Ellen Fenlason
October 21, 1980

(Names and other words that could not be transcribed are in italics. Unknown voices are referred to as ďmanĒ or ďwoman.Ē Comments, explanations, and additional names are in parentheses.)
 

Jane Dudley: This is October 21, 1980 at Pocomoonshine Lake. We are in the Dudleyís cabin and this is Jane Dudley speaking. We are gathered here at the Alexander-Crawford Historical Society board members, and also regular members and we have with us Ellen Fenlason of Danforth, wife of Harold Fenlason. Haroldís family goes back very far in our Alexander-Crawford community. We also have Ruth Dwelly here to tell us about what she has discovered on Breakneck Mountain. And, we have other members here who are going to join in on this conversation. Ellen, why donít you start?

Ellen Fenlason: Iíd be glad to. I think that you might be interested in the early, early start of, oh, you know, of the first baby in Alexander. When Machias was settled, there were 16 original settlers. One of them was Samuel Scott. He was married to Susan Perry, and they had a large family: Nathaniel, Sarah, Rosemond, Samuel, Wallace, Jesse, William, Mark, John, Pamela, and Perry. They were born in Machias. When the boys grew up, evidently most of them went into the lumbering business. Frank Fenlasson told me the name of the man who had a lumbering operation in Alexander and unfortunately I canít give that to you. Mark, one of Wallaceís sons - by the way, Wallace was on the - in the battles of Margaretta. Heís your hero as such. Mark married a Sally Elsmore. She was the daughter of Moses Elsmore. Now, there was a Ephraim and Anna Andrews and they had a daughter, Lydia. Lydia married this Moses Elsmore. And, Sally was one of their daughters. Sally married Mark Fenlason. They were married in Machias, and I have the intentions, the 20th of October - the 20th of October in 1812. But, there seems to be some confusion between the date that they were married and their intentions, and I have found quite a few mistakes in that so donít start counting because Iím not sure exactly when Sally and Mark were married but they were married. Sally Fenlason, the first child was born in Machias. She married a Rowland Cushing Dudley who came from Winslow, Maine, and they had one, two, three, four, five, six, nine children. I donít know whether she came to Alexander when Mark and Sally came or not. But, in your microfilm we find that - the Alexander film starts with the first child who was born here in Alexander, a Freeman Putnam Fenlason. He was born June fourth - either 14th or 15th. I believe 1814.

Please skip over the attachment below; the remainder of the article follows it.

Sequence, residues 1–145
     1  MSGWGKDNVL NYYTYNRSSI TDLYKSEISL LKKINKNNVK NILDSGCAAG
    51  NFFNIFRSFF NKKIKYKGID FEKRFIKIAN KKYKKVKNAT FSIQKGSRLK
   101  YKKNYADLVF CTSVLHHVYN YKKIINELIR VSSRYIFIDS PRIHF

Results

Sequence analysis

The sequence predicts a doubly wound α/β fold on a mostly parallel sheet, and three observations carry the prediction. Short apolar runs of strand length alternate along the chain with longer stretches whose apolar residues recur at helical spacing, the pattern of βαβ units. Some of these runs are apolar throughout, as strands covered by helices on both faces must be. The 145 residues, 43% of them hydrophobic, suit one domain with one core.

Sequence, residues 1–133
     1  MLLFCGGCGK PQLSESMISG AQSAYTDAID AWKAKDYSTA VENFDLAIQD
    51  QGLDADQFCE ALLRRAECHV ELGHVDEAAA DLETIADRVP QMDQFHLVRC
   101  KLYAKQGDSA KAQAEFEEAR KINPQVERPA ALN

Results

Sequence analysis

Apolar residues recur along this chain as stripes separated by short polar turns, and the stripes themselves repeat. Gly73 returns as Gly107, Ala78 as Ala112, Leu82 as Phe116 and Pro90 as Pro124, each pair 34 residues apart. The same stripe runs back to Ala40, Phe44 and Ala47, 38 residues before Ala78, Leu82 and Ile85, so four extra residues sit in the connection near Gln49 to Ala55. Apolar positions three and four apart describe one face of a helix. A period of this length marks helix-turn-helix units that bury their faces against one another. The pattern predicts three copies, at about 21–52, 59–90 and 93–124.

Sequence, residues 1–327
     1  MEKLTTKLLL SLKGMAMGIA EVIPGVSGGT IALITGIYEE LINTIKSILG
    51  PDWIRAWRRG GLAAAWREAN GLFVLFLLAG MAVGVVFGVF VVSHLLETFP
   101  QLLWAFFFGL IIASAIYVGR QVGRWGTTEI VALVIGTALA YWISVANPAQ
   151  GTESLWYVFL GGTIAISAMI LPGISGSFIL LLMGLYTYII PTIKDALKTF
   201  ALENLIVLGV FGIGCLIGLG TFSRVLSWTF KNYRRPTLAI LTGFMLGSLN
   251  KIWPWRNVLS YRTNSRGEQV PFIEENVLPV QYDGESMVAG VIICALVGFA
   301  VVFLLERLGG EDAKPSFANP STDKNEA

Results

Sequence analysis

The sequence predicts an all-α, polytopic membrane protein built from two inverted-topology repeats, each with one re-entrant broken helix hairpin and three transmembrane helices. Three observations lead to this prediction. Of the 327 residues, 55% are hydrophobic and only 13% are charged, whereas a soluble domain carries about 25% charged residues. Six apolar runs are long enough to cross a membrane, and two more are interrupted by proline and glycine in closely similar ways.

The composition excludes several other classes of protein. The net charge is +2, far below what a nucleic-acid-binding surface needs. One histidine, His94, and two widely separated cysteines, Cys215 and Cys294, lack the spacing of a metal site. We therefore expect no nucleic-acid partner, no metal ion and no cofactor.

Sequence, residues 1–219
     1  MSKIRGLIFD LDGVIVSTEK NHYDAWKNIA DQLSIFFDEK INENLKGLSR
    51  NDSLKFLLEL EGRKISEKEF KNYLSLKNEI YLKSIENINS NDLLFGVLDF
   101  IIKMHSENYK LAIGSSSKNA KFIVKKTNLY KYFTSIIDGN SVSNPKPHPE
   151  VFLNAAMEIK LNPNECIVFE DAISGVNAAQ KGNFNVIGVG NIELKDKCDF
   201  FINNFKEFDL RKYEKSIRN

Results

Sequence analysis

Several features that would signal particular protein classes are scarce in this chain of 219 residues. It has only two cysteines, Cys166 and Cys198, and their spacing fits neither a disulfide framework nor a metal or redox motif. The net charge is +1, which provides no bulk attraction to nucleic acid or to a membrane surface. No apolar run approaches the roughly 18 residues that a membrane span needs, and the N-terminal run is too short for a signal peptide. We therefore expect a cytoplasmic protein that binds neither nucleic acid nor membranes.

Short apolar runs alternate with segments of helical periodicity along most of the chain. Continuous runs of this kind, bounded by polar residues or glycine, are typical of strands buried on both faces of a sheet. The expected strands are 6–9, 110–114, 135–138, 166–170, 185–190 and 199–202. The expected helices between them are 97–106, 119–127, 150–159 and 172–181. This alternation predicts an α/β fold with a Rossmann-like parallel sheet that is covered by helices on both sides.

Jane Dudley: Isnít that great.

Ellen Fenlason: Now, when they came to Alexander, you see, they started with Freeman. Then they had Mary Ann Fenlason, a Daniel Alan Fenlason, and one of his children or grandchildren married into the Vose family. We had Lydia Fenlason, Nancy Fenlason. We had a Mark Harris Fenlason. He was born in 1825 and he married a Getchell girl and they moved out to Minnesota, and I have all of their history from a lady out there, Alice Fenlason who is related to Freemanís brother. We have Ruth Ellen, Hannah Fenlason and a Moses Cilla Fenlason. Now, Sally could have been gone from the family when this was recorded because in your Alexander microfilm on page 66, it lists the family but it doesnít include Sally. I looked it over and saw that Sally evidently was married when her father died. In 1840 the record - the census say Mark - er, Sal, Markís widow, and I found out at the courthouse that Mark died in May of 1838. He was about 50 and Sally was left with this large family. Freeman had married. Letís see. He married in Alexander by the Reverend George Childs November 2, 1837. You see that was just before his father died, but the rest of the children evidently were with Sally. The youngest was this Moses who was six years old. Sally must have been very poor because she didnít put Markís will into probate until 1844, and I have - I got down to the courthouse the records of this probate. I donít have the will, but I have the people that were appointed to take an inventory of the goods that were left, and I have the actual inventory. This would give you an idea of this poor little family. They had three hardwood bedsteads worth three dollars; a writing desk worth a dollar; a timepiece, three dollars; a half dozen chairs, fifty cents; a dining room table, a dollar fifty; a light stand, looks like 37 and Ĺ cents; a cupboard, a dollar fifty; two wooden chests, fifty cents; a small looking glass, seventeen cents; two feather beds, eight dollars; two quilts, two dollars, two comforters, fifty cents; quantity of cooking ware, a dollar; a big kettle, fifty cents; and this is one tea something and that was fifty cents. Then we had six pair of sheets for a dollar; a loom, eight dollars; a small wheel, two dollars; a brass kettle, one dollar; a pair of shovels and tongs, seventy five cents. And, the grand total of Sallyís worldly goods according to the inventory was $45.09 and a half cents.

Jane Dudley: Ellen, we have an antique dealer here who is a member, Mary Williams, and I wonder if all this was gathered together, Mary, what would it be worth today.